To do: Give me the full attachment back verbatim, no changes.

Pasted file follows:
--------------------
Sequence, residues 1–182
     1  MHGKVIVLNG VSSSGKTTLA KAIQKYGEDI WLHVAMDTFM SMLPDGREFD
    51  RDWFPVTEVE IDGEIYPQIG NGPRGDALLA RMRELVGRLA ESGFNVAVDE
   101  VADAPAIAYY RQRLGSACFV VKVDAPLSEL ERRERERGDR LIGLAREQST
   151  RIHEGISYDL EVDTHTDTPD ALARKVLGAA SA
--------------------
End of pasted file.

Sequence, residues 1–182
     1  MHGKVIVLNG VSSSGKTTLA KAIQKYGEDI WLHVAMDTFM SMLPDGREFD
    51  RDWFPVTEVE IDGEIYPQIG NGPRGDALLA RMRELVGRLA ESGFNVAVDE
   101  VADAPAIAYY RQRLGSACFV VKVDAPLSEL ERRERERGDR LIGLAREQST
   151  RIHEGISYDL EVDTHTDTPD ALARKVLGAA SA